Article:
In this blog, we preview our whitepaper “FDA New Draft Guidance of Premarket Submissions for Medical Devices: Are you ready?” Download the entire whitepaper to learn more!
FDA New Draft Guidance of Premarket Submissions for Medical Devices: Are you ready?
Technology innovation has undergone rapid transformation since the Food and Drug Administration first developed its “Guidance for the Content of Premarket Submissions of Software Contained in Medical Devices” in 2005. Over the past 17 years, significant advancements have disrupted the market, including the advent of the smartphone, watches that monitor your sleep and snoring habits, and smartphone-connected pacemaker devices, just to name a few.
The medical device industry has also undergone a sizable transformation, which is why the FDA recently released the “Premarket Submissions for Device Software Functions” draft guidance to keep up with the changes. Please note that while this guidance is valuable to medical device developers to get a sense of what’s to come, it is not currently being enforced.
It’s also important to note this guidance applies to all premarket approval (PMA) and to some 510k’s, based on risk level.
The new draft guidance, which as of March 2022 has not yet gone into effect and therefore is currently non-binding, revises documentation standards that apply to the software development, design verification, and design validation processes.
As you work to adapt to the new guidance, you might have many questions, including “Who and what does the new guidance apply to? And what exactly has changed?” Answering these important questions will assist you with getting ready for the changes, which are set to finalize in spring 2022.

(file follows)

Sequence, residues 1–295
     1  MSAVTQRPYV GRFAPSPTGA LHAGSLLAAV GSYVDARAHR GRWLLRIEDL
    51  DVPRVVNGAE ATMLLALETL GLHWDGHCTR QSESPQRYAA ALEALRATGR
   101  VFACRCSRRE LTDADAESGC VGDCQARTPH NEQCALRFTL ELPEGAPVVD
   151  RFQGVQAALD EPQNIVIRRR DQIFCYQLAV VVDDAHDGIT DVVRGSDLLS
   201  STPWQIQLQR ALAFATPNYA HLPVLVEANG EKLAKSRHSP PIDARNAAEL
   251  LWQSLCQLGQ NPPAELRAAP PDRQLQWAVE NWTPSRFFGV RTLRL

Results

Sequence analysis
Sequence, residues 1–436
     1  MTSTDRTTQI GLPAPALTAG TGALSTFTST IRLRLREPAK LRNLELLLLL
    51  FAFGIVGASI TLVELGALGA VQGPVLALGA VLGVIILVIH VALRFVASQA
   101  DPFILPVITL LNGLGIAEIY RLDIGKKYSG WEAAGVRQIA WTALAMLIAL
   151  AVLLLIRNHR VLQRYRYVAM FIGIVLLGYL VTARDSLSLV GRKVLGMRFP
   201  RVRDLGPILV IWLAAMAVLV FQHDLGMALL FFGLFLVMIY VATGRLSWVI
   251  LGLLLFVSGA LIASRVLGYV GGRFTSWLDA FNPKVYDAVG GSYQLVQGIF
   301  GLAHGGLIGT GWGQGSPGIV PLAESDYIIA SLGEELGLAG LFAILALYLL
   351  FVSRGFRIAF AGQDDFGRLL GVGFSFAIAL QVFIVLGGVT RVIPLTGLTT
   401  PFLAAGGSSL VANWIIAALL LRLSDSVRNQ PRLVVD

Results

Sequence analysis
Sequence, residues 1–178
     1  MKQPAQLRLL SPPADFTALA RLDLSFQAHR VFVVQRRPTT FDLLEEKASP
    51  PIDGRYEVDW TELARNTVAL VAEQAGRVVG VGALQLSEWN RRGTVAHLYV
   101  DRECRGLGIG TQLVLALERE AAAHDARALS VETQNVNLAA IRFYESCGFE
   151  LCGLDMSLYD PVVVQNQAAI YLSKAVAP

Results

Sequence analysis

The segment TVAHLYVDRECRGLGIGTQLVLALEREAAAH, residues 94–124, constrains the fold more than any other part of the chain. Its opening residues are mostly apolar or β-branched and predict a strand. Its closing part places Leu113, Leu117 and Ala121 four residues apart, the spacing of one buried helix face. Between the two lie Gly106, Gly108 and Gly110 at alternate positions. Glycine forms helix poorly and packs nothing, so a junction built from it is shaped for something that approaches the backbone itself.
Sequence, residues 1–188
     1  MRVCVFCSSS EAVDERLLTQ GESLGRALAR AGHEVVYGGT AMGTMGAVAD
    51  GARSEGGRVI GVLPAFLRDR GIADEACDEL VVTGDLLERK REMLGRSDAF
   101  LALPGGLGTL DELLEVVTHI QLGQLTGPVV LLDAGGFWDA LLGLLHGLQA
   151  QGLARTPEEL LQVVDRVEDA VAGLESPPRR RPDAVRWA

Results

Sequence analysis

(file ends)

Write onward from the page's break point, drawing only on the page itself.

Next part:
The New Guidance: Does It Apply To Your Device?
The new guidance applies to all premarket submissions that include at least one device software function. However, it’s not intended to provide recommendations on how a device’s software should be developed, verified, and validated. Software in a medical device (SiMD) and software as a medical device (SaMD) are both included in the guidance. The following are also included, according to the FDA:
- Firmware and other means for software-based control of medical devices
- Stand-alone software applications
- Software intended to be operated on general-purpose computing platforms
- Dedicated hardware/software medical devices
- Accessories to medical devices when those accessories contain or are composed of software
Recent changes made to section 520 of the Federal Food, Drug, and Cosmetic Act under the 21st Century Cures Act excludes some types of software, including those that are lower-risk, support software, such as certain mobile applications for consumers, and software for administrator support to laboratories. Additionally, the guidance does not apply to automated manufacturing and quality system software or software that is not a device.
To learn more, download the entire whitepaper where we cover a summary of the draft guidance, plus:
- The difference between the new and old guidance
- Documentation levels: Basic vs. Enhanced
- Software documentation elements